Be sure to subscribe to the forum threads given above to be advised of latest developments, eclipse onsets, and observing ideas.

References
Buchheim, R. K. 2018, “Lessons from DSLR Photometry of b Per “Third Star” Eclipse (February 2018)”, SAS-2018 The Symposium on Telescope Science and ALPO Annual 2018 Meeting, Proceedings for the 37th Annual Conference of the Society for Astronomical Sciences [http://www.socastrosci.org/Publications.html] pp 71-77.
[Note: Bob Buchheim has given AAVSO permission to make available a stand-alone copy of his presentation on the AAVSO web site for observers' easy access – dfc]

Collins, D. F. 2013, “Observations of an Eclipse of bright star b Persei by the Third Star in February 2013”,, AAVSO Spring 2013 meeting, Boone, NC, abstract only (https://www.aavso.org/sites/default/files/spring%202013%20paper%20sched.pdf).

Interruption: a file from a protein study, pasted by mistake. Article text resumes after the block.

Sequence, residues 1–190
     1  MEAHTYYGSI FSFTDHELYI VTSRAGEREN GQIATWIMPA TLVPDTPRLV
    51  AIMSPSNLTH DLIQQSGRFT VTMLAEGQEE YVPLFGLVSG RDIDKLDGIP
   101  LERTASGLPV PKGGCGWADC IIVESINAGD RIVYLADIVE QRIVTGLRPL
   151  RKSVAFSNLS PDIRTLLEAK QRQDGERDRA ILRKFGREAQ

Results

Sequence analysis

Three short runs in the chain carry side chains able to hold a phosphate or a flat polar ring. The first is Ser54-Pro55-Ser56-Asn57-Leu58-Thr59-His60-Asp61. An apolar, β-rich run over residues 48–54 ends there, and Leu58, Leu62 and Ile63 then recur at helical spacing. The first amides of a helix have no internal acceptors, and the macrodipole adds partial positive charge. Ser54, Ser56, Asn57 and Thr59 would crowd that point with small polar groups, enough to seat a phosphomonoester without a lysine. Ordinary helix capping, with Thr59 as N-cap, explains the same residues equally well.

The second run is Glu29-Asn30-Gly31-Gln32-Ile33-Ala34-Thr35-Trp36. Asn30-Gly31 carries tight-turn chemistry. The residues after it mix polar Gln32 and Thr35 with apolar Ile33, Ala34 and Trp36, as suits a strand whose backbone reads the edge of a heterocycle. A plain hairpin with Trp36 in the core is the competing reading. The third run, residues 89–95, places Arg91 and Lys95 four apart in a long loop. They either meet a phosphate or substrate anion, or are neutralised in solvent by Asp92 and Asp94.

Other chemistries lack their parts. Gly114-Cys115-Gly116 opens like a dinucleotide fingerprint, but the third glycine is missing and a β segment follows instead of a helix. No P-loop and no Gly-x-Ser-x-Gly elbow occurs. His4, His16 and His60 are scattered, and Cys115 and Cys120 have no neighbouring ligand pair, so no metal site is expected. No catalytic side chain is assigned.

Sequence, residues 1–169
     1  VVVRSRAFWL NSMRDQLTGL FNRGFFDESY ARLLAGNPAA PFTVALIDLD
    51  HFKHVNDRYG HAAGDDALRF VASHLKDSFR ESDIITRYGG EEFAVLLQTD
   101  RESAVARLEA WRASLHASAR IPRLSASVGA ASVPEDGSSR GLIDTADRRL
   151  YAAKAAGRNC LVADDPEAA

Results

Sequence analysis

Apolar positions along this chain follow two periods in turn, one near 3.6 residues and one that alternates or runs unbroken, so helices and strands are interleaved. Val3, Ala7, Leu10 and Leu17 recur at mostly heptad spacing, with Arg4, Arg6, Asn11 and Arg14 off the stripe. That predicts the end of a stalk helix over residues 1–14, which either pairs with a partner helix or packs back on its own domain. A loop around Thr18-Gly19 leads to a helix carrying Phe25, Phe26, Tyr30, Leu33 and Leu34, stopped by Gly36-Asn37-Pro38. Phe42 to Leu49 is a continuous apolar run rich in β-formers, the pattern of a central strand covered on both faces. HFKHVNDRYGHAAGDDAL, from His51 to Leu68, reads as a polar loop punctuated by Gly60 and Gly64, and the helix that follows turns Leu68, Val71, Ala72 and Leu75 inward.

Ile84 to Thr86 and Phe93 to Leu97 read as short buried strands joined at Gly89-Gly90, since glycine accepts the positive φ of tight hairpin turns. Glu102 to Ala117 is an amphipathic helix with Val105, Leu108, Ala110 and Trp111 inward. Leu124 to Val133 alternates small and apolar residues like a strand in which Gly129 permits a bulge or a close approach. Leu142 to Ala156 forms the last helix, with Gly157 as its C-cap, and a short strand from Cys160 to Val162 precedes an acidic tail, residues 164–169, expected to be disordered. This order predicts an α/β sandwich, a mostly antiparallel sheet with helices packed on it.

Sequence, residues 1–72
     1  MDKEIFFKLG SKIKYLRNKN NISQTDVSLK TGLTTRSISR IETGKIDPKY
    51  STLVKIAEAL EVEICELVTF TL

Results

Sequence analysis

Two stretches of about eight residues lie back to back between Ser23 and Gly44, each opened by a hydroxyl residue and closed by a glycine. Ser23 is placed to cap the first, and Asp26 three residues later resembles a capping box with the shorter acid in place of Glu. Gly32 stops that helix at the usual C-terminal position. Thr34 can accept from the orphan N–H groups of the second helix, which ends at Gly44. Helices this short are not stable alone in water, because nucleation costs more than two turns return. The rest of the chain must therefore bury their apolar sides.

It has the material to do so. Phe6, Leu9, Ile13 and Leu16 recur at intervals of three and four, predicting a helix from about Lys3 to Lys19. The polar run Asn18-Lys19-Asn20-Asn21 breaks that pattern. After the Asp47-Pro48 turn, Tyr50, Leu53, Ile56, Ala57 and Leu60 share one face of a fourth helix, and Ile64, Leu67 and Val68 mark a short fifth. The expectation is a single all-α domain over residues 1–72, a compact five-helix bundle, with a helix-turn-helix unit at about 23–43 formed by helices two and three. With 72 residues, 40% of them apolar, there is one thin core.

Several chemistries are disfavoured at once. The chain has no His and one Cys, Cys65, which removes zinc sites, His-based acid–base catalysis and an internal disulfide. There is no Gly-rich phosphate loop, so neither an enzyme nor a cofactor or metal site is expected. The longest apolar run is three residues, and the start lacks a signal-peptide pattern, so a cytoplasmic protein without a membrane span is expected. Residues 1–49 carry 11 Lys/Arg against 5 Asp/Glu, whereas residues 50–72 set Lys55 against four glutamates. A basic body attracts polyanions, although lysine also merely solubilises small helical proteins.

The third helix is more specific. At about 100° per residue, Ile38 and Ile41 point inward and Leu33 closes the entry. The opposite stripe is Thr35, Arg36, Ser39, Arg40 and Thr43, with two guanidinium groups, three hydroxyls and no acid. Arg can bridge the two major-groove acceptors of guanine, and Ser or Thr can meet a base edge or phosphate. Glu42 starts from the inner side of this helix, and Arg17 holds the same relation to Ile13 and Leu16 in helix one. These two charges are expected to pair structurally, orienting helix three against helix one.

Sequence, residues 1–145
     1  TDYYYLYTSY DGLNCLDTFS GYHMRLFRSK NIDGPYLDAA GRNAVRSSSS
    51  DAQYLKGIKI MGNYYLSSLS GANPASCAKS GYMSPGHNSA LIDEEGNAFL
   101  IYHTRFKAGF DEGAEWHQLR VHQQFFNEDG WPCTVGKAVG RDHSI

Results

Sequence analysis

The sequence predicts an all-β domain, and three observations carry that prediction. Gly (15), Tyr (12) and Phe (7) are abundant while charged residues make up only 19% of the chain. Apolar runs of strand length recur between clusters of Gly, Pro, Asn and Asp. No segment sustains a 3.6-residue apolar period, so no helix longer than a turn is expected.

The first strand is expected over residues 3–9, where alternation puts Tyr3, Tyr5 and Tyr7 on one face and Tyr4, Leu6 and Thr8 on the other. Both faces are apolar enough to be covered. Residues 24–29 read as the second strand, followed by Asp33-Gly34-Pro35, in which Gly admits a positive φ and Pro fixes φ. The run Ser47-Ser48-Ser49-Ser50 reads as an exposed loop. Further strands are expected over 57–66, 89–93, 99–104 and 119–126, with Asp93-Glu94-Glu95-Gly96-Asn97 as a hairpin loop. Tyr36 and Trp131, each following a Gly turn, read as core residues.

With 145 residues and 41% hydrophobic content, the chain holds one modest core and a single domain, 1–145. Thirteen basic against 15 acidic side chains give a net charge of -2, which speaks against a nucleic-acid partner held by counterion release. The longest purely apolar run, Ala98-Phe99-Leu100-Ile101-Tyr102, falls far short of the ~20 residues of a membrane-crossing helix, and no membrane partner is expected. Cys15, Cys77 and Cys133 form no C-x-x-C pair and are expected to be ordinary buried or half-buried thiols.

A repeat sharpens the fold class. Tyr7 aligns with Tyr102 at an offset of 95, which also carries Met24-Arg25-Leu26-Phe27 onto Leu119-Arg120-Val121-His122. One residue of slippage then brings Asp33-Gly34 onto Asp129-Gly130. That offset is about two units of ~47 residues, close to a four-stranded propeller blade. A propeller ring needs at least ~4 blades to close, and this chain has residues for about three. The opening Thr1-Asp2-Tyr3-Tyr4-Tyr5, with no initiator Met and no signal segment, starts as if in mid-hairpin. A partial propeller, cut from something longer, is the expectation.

This AAVSO Alert Notice was compiled by Elizabeth O. Waagen using material provided by Dr. Donald Collins and colleagues.

-------------------------------------------------
SUBMIT OBSERVATIONS TO THE AAVSO

Information on submitting observations to the AAVSO may be found at:
 - Photometry/visual observations: https://www.aavso.org/webobs
 - Spectroscopy: https://www.aavso.org/apps/avspec/

ALERT NOTICE ARCHIVE AND SUBSCRIPTION INFORMATION

An Alert Notice archive is available at the following URL:
https://www.aavso.org/aavso-alert-notices-for-observing-campaigns-and-discoveries

Subscribing and Unsubscribing may be done at the following URL:
https://www.aavso.org/aavso-alert-notice-subscribe

-------------------------------------------------

Please support the AAVSO and its mission -- Join or donate today:
https://www.aavso.org/apps/donate/

 

 

Copyright © 2022 American Association of Variable Star Observers, All rights reserved.